Best practice: Even in the absence of a restriction, consider what, if any, documentation would be reasonable to require from employees, and apply your policy consistently. Also keep in mind that certain laws limit the type of medical information an employer can request, and any medical documentation or health information received must be kept confidential and separate from the employee's personnel file.
Avoid #6: Prohibiting lawful off-duty conduct.
Several states prohibit employers from taking adverse action against employees and applicants who use tobacco. Some protect employees who use marijuana while off-duty. Additionally, a few states expressly prohibit employers from taking adverse action against individuals on the basis of any legal off-duty conduct.
Best practice: Even if your state doesn't expressly protect employees from legal off-duty conduct, it's not considered a best practice to have a policy limiting lawful, off-duty conduct.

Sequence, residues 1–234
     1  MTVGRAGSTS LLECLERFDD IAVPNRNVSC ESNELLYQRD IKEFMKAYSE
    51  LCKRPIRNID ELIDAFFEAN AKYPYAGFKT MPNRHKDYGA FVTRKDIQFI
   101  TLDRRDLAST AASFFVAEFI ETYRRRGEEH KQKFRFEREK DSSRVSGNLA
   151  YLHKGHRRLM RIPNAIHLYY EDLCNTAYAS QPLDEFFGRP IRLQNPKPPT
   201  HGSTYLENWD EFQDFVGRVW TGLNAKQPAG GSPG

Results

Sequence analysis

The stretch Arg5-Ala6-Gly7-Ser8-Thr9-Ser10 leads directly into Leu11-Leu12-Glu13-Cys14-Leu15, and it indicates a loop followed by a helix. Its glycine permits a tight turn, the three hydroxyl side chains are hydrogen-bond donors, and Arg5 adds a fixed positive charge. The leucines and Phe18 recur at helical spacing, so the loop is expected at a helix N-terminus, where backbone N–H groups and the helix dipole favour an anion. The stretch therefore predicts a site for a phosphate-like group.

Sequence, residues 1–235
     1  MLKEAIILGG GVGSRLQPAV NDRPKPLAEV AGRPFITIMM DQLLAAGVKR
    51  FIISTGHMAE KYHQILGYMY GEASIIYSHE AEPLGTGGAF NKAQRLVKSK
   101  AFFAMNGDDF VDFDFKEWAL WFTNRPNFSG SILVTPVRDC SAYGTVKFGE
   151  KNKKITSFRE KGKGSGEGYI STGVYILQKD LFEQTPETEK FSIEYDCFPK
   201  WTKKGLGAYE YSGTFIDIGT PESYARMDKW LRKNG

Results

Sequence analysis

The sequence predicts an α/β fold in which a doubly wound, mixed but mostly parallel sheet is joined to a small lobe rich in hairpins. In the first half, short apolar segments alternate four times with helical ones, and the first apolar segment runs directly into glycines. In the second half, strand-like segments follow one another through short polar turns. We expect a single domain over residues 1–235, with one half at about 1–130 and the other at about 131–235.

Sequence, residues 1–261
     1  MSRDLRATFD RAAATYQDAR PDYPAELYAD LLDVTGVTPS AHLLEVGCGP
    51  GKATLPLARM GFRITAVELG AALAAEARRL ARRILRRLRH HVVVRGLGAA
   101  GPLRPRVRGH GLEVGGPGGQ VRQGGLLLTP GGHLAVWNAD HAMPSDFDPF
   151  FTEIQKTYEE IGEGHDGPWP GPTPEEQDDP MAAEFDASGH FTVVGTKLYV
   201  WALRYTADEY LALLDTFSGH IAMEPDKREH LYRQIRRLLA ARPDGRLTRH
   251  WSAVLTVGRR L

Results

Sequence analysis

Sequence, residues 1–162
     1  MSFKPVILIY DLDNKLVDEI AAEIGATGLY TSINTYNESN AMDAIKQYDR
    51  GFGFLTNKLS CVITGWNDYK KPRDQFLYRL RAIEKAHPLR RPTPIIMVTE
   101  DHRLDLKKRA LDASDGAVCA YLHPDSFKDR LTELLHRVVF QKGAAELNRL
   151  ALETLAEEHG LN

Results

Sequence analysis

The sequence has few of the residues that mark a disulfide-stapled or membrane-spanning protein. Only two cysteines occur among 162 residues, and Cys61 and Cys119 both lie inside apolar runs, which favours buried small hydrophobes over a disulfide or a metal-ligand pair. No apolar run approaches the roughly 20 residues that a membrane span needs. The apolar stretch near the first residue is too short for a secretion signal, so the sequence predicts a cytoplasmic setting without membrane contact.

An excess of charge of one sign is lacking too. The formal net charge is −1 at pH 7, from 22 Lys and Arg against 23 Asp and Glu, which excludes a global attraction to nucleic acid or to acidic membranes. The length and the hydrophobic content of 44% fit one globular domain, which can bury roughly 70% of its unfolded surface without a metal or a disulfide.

Avoid #7: Safety bonus based on days without an injury.
A safety-incentive program that rewards employees with a prize or bonus at the end of an injury-free period may violate certain laws, since these programs may discourage employees from reporting an injury or illness. A statement that employees are encouraged to report and will not face retaliation for reporting may not, by itself, be adequate to ensure that employees actually feel free to report.
Best practice: If employers have an incentive program, OSHA recommends they adopt other measures to ensure employees feel comfortable reporting workplace injuries, such as:
- A program that rewards employees for identifying unsafe conditions in the workplace;